Jump to ContentJump to Main Navigation
Show Summary Details
More options …

Archiv für Geschichte der Philosophie

Ed. by de Boer, Karin / Carriero, John / Horn, Christoph / Meyer, Susan Sauvé / Serck-Hanssen, Camilla

Editorial Board: Adamson, Peter / Allen, James V. / Bartuschat, Wolfgang / Curley, Edwin M / Emilsson, Eyjólfur Kjalar / Floyd, Juliet / Förster, Eckart / Frede, Dorothea / Friedman, Michael / Garrett, Don / Grasshoff, Gerd / Guyer, Paul / Irwin, Terence / Kahn, Charles H. / Knuuttila, Simo / Koistinen, Olli / Kosch, Michelle / Kraut, Richard / Longuenesse, Béatrice / McCabe, Mary / Pasnau, Robert / Perler, Dominik / Radcliffe, Elizabeth S. / Reginster, Bernard / Simmons, Alison / Timmermann, Jens / Trifogli, Cecilia / Weidemann, Hermann / Zöller, Günter


CiteScore 2018: 0.53

SCImago Journal Rank (SJR) 2018: 0.395
Source Normalized Impact per Paper (SNIP) 2018: 1.195

Online
ISSN
1613-0650
See all formats and pricing
More options …
Volume 101, Issue 1

Issues

Politische Erziehung und politische Stabilität bei Thomas Hobbes

Dirk Brantl
Published Online: 2019-03-06 | DOI: https://doi.org/10.1515/agph-2019-1003

Abstract

Hobbes’ theory of political education and its impact on his political thought has received relatively little attention. Existing contributions rarely extend beyond Hobbes’ political philosophy to analyze how he understood education to work in the first place. This article aims to fill in the gap by first reconstructing Hobbes’ understanding of the mechanism of teaching and learning. Tracing the continuities and developments of the concept from the Elements of Law (1640) to Behemoth (1668) in the first section, the second half sketches the theory of political education and its importance to the central issue of Hobbes’ political thought, the generation of sustained political stability. The core question turns out to be: Is teaching the truth in political matters compatible with political stability? The article argues that while those who answer the question in the negative provide insufficient textual evidence, those who affirm it are hard pressed to describe a content of political education that could be politically effective.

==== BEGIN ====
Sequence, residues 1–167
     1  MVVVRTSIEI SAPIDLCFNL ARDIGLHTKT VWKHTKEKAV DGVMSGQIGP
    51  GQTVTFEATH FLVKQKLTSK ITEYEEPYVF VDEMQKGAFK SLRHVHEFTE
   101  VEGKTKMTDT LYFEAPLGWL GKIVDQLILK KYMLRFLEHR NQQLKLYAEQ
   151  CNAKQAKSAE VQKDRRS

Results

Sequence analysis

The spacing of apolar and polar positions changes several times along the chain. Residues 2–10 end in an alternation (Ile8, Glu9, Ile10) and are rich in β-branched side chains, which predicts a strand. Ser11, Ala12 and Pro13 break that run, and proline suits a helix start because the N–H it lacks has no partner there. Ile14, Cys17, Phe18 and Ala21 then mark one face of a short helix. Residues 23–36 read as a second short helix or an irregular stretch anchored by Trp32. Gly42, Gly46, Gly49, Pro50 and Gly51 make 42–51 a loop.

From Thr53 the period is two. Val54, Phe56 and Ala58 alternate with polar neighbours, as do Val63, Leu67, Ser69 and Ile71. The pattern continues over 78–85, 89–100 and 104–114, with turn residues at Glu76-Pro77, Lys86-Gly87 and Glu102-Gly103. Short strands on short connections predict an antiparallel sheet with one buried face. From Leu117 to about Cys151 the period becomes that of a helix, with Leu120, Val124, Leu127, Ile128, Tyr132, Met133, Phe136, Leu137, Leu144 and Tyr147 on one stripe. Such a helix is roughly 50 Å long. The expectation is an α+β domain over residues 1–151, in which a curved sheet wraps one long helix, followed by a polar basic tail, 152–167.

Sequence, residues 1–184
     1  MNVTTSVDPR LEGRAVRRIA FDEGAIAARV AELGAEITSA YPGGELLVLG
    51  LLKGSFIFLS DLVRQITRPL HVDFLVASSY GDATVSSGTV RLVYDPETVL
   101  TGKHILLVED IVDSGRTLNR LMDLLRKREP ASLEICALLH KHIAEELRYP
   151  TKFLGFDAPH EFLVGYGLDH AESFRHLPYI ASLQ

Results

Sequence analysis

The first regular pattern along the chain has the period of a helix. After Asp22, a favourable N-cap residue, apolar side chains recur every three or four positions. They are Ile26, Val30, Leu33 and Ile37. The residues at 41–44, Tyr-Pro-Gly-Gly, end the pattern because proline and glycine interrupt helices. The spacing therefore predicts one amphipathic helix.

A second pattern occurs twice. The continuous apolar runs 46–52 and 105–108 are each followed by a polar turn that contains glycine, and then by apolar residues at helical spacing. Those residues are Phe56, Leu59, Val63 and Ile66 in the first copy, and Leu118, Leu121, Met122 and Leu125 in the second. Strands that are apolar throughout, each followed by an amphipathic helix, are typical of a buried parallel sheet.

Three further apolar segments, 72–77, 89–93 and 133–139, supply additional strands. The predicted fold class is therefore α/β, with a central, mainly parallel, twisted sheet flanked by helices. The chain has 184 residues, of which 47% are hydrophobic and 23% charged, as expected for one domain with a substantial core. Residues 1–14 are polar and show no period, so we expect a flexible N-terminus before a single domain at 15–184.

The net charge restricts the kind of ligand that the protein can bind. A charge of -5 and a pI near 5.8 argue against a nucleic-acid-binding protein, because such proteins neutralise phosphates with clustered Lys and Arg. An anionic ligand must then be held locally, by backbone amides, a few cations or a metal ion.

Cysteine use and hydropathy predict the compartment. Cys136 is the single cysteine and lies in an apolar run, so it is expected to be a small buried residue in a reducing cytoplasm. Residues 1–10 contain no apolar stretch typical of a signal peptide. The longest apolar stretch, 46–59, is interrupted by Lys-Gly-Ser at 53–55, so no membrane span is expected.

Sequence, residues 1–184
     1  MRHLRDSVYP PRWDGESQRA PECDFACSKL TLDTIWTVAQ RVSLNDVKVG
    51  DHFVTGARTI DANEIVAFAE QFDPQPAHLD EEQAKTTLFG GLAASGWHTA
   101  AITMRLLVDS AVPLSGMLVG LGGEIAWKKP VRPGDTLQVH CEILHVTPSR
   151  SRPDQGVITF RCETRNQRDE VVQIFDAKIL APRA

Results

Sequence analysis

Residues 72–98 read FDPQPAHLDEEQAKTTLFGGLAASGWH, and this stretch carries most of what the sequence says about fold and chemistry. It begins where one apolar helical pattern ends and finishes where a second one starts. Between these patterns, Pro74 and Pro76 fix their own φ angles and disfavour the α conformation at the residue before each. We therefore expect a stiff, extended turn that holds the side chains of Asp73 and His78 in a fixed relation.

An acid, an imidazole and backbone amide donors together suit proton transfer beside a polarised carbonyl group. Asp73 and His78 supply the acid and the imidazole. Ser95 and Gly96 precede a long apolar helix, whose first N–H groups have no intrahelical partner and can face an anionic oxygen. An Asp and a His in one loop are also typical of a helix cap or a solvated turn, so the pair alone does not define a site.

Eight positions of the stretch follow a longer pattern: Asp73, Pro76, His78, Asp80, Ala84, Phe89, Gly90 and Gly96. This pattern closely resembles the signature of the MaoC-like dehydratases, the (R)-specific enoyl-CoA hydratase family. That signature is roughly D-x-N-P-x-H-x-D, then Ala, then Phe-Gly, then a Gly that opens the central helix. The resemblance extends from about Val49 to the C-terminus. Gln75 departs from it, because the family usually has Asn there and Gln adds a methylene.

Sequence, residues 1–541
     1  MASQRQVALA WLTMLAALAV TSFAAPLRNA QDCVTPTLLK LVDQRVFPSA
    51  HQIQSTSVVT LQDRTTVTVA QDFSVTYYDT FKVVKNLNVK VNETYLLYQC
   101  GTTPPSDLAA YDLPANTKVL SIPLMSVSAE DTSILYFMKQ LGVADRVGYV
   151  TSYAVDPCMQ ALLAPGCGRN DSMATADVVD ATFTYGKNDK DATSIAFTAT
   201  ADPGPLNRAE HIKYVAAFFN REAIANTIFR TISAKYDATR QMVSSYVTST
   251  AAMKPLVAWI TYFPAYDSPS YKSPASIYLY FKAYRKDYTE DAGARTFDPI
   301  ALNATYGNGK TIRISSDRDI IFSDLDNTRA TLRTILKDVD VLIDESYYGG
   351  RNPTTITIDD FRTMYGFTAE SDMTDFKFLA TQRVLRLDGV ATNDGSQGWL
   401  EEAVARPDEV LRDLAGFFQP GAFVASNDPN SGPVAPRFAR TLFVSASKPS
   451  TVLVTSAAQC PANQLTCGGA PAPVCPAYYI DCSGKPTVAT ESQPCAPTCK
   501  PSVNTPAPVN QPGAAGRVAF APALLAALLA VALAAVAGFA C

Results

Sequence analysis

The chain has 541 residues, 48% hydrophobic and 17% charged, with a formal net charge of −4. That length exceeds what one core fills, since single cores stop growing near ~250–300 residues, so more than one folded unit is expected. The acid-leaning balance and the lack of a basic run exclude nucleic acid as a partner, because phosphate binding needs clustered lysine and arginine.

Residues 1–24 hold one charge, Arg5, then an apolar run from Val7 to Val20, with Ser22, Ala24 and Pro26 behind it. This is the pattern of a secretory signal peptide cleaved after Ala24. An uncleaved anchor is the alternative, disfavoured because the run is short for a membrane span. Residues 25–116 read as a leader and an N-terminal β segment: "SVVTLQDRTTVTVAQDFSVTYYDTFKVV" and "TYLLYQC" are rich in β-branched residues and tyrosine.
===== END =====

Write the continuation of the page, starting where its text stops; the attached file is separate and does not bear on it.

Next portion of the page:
• Bejan, T. 2010. „Teaching the Leviathan. Thomas Hobbes on Education”. Oxford Review of Education 36/5, 607–626.Web of ScienceGoogle Scholar

  • Boonin-Vail, D. 1994. Thomas Hobbes and the Science of Moral Virtue. Cambridge.Google Scholar

  • Brockdorff, C. Baron von 1919. Thomas Hobbes im Lichte seiner didaktischen und pädagogischen Bedeutung. Ein Beitrag zur Geschichte der Philosophie und der Pädagogik. Kiel/Leipzig.Google Scholar

  • Curley, E. 2004. „The Covenant with God in Hobbes’s Leviathan“. In Leviathan after 350 Years. Hg. T. Sorell/L. Foisneau. Oxford, 199–216.Google Scholar

  • Foisneau, L. 2004. „Leviathan’s Theory of Justice”. In Leviathan after 350 Years. Hg. T. Sorell/L. Foisneau. Oxford, 105–122.Google Scholar

  • Gauthier, D. 1969. The Logic of Leviathan. The Moral and Political Theory of Thomas Hobbes. Oxford.Google Scholar

  • Hampton, J. 1986. Hobbes and the Social Contract Tradition. Cambridge.Google Scholar

  • Hobbes, Th. ca. 1630–38. The Whole Art of Rhetoric. In EW, Bd. VI, 419–510.Google Scholar

  • –. 1640. The Elements of Law, Natural and Politic. Hg. F. Tönnies. Nachdruck London 1969.Google Scholar

  • –. 1642/47. De Cive. Paris/Amsterdam. In OL, Bd. II, 133–432.Google Scholar

  • –. 1645. Of Liberty and Necessity. In EW, Bd. IV, 229–278.Google Scholar

  • –. 1651. Leviathan, or The Matter, Forme, and Power of a Common-Wealth Eccesiasticall and Civil. London. Hg. C.B. Macpherson. London 1968.Google Scholar